NAACP pushes state board to OK profiling settlement

Civil rights group sets deadline, after which it will proceed with lawsuit

March 07, 2003|By Laura Barnhardt | Laura Barnhardt,SUN STAFF

Maryland NAACP officials said yesterday that if the Board of Public Works does not vote on the proposed racial profiling settlement by March 19, they will scrap the agreement and proceed with their lawsuit.

"This thing has been going on long enough," said Herbert H. Lindsey, president of the Maryland State Conference of NAACP Branches. "It needs to be moved on now."

Lindsey is calling on the board, made up of Gov. Robert L. Ehrlich Jr., Comptroller William Donald Schaefer and Treasurer Nancy K. Kopp, to vote at their next meeting on the consent decree that would settle the lawsuit.

But Jervis S. Finney, Ehrlich's legal counsel, said, "The depth and breadth of this proposed consent decree is not aided by such hard-nosed stubbornness. The Maryland State Police, the attorney general's office and all members of the Ehrlich-Steele administration have acted as fast as possible and with the utmost good faith. The issues now appear to be relatively few."

The proposed $325,000 settlement would require policy changes by the state police and would cover legal expenses of minority motorists who claim they were stopped by troopers solely on the basis of their ethnicity.

A federal judge is reviewing several provisions in the consent decree at the request of the governor's office. "We've fulfilled our commitment to submit the points we've asked to have clarified by the presiding judge in a timely fashion," said Shareese N. Deleaver, an Ehrlich spokeswoman. "It's in the hands of the judge now."

The governor's office didn't say an agreement wasn't possible by March 19. But Finney said, "It's very difficult to predict the timing of settlement proceedings and it's very unwise."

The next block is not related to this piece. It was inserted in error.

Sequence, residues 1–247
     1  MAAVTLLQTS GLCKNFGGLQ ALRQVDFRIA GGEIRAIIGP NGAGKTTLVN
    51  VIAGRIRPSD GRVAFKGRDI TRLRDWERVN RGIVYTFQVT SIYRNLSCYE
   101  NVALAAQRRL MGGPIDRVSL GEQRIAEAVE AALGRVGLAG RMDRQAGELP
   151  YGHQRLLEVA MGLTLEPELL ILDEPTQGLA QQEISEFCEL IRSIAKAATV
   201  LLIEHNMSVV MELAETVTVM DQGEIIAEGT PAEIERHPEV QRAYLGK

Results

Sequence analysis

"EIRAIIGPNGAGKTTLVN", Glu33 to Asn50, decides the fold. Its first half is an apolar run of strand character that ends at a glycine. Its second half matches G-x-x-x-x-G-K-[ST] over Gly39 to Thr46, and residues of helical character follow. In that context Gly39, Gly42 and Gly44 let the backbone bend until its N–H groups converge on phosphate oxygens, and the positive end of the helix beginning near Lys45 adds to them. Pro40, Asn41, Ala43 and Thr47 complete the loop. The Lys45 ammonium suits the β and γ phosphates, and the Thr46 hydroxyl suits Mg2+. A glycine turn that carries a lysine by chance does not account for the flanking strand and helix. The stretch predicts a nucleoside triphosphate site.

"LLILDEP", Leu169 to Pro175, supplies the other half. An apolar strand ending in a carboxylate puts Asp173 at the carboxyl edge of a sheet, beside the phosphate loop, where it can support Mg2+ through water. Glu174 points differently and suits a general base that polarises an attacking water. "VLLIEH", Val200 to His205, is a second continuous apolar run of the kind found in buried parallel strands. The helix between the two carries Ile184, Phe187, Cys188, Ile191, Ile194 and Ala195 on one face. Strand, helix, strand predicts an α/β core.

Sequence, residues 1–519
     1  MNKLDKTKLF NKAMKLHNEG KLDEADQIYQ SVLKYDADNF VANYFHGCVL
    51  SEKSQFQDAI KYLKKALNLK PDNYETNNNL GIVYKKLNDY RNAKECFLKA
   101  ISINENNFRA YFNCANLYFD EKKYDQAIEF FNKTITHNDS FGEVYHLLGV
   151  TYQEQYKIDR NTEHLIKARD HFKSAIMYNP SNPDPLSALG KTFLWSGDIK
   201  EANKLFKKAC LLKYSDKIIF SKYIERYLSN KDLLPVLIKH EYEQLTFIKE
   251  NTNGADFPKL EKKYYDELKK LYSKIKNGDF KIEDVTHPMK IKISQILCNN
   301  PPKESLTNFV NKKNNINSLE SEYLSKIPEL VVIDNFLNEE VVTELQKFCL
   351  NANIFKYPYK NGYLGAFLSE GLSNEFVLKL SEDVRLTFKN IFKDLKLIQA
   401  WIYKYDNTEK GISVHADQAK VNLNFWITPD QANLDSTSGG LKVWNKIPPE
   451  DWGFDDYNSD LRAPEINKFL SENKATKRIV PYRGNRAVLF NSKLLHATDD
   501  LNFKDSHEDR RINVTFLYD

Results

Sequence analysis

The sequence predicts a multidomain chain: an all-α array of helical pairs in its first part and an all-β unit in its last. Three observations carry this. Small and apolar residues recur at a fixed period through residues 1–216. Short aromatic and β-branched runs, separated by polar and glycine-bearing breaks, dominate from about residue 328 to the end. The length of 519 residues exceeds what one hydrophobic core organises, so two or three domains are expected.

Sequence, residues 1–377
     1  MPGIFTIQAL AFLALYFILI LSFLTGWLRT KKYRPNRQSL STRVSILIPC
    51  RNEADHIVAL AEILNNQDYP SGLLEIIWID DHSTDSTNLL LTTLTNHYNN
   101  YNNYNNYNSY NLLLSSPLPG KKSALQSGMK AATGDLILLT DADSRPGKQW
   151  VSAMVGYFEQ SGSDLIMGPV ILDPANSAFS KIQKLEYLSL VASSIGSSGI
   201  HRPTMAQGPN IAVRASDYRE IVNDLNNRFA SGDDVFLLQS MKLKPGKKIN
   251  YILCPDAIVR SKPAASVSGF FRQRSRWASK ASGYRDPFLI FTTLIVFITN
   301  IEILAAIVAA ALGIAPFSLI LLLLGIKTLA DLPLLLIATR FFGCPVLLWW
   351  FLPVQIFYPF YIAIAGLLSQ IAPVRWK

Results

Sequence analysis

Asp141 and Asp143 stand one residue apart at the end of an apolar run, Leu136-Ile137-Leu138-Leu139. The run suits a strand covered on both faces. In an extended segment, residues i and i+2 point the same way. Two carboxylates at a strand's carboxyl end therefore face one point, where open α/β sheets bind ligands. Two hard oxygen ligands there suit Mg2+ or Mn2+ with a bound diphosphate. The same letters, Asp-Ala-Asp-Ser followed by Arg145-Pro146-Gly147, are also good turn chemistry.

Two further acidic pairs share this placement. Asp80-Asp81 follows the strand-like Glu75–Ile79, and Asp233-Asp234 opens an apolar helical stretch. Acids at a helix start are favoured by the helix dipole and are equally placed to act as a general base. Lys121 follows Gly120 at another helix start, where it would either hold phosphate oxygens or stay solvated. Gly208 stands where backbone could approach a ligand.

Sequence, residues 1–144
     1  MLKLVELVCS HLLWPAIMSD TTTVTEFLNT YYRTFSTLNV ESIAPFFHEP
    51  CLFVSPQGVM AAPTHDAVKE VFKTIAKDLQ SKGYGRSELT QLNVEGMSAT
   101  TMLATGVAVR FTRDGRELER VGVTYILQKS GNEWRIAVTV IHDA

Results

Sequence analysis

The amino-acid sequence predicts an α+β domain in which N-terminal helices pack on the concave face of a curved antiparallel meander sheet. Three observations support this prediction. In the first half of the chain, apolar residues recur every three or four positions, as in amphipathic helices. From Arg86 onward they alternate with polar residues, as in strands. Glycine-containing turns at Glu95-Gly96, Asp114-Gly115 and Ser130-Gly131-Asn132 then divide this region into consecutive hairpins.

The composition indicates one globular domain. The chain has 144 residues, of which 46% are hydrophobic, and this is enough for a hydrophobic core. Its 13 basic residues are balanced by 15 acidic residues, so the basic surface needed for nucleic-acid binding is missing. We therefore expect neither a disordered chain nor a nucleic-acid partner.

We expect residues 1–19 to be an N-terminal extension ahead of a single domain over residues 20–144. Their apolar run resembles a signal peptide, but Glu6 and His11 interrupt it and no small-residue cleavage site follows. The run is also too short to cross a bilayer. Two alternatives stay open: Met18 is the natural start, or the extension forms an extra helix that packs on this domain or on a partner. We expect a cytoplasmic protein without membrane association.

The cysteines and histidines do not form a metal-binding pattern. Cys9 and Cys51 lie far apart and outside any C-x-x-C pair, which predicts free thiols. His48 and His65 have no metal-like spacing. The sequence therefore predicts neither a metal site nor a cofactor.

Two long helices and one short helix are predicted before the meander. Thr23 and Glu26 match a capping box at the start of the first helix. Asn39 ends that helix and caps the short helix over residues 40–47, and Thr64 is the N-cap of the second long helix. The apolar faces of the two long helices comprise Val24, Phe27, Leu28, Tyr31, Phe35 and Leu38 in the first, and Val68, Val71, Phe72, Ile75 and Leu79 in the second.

Black lawmakers emerged from a closed-door meeting with Ehrlich on Feb. 13 confident that a settlement in the decade-old racial profiling case would be resolved within a month. They said they were satisfied that Ehrlich and state police Superintendent Edward T. Norris wanted no substantive changes to the proposed agreement.

Lindsey said he was still hopeful that the deal would be approved. But he and other black leaders said they were concerned about the delays.

"It seems like some progress has been made," said Del. Melony Ghee Griffith, a member of the General Assembly's Black Caucus. "But I'm deeply concerned that we're still here."

Susan Goering, executive director of the American Civil Liberties Union of Maryland, said, "It's a time-limited agreement. It's inevitable that it will end up in court if this isn't settled quickly. That's unfortunate."

ACLU attorneys are representing the National Association for the Advancement of Colored People and 14 motorists in the class action lawsuit. A settlement must be approved by the Board of Public Works. But the item wasn't put on the board's agenda until the end of Gov. Parris N. Glendening's term.

Ehrlich asked that the decision be delayed, raising questions about provisions such as the contents of a pamphlet that police would give to drivers and the composition of a police-citizen panel to deal with profiling complaints.

A vote on the proposed settlement has not been scheduled since Ehrlich took office.

Mike Golden, a spokesman for Schaefer, said, "When it comes before the Board of Public Works isn't up to the comptroller. It's up to the governor."

Kopp could not be reached for comment.

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